If architecutural critiques of McMansions do not dissuade potential buyers, enticing interest rates might prove persuasive. One Southern California mortgage broker explains:
Maybe you, too, can afford a Southern California McMansion. How about paying just interest, not principal, at a rock bottom 1.875% mortgage rate for the first three years?
For a $1.5 million loan on a $2 million home, your house payment is locked down at $2,344. Assuming monthly property taxes of $2,083 (1.25% annual property tax rate) and $250 for monthly homeowners’ insurance, your total house payment is $4,677…
If rate and payment uncertainty gives you too much heartburn, you can find longer interest-only lock terms of five, seven or 10 years in the 2% to 3% interest rate range on 30-year mortgages.
Even 30-year jumbo fixed rates are super cheap. I’ve found rates as low as 2.375% for Inland Empire properties, where jumbos start at $548,250. In Los Angeles and Orange counties, where jumbos start at $822,375, rates are as low as 2.625%.
Why buy a McMansion? Because it is relatively cheap due to low interest rates. As the commentary notes, renting a McMansion could be significantly more costly than buying. Since Americans like large houses and this is an expensive real estate market, a large McMansion at reasonable rates may look like a good deal.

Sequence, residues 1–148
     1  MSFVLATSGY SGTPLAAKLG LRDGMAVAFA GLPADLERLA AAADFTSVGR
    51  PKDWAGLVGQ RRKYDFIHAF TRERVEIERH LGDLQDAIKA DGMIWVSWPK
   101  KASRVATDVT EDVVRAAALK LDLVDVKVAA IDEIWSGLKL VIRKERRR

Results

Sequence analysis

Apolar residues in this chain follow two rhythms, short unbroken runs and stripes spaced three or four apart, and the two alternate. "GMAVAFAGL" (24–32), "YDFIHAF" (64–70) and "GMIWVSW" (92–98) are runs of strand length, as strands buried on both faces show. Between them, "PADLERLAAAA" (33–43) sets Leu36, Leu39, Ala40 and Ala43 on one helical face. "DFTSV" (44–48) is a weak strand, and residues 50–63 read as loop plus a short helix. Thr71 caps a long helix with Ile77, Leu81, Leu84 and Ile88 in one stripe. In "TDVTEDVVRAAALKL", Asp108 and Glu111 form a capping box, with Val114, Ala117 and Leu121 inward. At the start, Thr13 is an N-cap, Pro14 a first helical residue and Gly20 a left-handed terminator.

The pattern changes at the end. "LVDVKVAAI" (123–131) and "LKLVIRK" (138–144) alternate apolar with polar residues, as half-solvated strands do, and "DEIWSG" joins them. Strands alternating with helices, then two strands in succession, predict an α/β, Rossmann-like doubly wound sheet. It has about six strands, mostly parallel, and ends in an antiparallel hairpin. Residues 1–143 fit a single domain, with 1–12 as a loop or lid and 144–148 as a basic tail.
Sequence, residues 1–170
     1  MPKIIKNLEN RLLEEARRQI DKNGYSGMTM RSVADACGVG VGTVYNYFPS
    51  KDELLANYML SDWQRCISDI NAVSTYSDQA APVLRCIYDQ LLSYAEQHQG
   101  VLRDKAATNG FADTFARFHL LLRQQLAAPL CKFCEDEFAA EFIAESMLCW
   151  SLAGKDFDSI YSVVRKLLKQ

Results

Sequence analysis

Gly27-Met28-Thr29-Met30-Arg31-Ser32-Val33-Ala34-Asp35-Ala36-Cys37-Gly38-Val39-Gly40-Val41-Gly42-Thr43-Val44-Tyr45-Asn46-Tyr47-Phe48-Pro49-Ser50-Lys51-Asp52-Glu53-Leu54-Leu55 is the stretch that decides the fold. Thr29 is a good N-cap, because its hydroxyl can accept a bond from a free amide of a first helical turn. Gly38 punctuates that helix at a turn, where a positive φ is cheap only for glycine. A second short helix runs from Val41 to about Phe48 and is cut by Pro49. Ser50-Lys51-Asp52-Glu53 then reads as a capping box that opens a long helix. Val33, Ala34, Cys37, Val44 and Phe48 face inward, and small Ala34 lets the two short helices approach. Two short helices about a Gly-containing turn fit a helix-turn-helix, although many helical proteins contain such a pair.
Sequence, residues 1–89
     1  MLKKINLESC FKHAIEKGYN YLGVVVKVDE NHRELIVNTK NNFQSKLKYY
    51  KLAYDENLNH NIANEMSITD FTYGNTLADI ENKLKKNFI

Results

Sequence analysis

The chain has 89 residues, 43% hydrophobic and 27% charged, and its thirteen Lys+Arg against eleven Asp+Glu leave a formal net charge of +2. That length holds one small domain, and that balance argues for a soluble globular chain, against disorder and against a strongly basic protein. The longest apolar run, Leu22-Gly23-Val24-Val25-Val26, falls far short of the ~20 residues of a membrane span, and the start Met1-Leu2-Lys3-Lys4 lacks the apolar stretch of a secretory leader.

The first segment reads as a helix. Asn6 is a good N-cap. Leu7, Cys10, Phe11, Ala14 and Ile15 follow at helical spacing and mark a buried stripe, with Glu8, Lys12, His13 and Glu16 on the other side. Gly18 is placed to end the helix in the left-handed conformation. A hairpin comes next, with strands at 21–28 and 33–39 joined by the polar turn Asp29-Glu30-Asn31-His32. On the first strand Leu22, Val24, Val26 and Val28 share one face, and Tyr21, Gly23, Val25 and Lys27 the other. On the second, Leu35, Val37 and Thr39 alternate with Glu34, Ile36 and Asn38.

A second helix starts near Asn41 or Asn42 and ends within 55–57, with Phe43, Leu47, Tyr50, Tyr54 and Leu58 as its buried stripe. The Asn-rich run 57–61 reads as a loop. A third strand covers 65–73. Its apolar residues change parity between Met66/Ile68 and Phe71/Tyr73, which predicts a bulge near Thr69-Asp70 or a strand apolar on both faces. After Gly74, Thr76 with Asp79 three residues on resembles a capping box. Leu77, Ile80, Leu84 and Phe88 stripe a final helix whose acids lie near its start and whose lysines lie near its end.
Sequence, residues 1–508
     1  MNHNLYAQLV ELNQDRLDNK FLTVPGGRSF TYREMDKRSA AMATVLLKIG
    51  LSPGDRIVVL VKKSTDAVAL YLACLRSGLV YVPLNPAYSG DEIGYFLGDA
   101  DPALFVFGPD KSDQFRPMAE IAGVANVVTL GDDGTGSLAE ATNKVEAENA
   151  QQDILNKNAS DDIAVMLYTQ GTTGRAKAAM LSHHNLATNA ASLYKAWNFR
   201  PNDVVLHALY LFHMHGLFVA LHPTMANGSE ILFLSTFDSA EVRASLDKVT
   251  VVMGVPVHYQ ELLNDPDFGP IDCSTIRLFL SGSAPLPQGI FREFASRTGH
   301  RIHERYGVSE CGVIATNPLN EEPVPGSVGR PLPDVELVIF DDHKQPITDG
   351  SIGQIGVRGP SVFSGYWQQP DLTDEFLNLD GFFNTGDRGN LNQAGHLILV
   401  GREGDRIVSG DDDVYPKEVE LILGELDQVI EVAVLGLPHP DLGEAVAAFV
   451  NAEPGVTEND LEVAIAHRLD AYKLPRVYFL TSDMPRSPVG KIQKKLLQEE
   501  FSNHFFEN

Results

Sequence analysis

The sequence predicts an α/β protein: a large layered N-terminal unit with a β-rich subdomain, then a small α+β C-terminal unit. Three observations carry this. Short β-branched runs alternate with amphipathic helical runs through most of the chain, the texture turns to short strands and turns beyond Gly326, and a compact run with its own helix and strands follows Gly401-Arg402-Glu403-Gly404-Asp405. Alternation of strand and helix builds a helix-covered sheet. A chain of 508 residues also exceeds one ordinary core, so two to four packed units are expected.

At the same time, the idea of even cheaper interest rates for just three years should cause some pause. What happens if interest rates go up? This sort of approach sounds like some of the mortgage options of the 2000s that helped lead to difficulties for some in keeping up with their mortgage.
Another way that McMansions could continue to be an attractive financial option in the future is if their relative value drops compares to other homes. If fewer people want such a home, this might depress values to a point where others who value space or like other McMansion features might be able to get a bargain.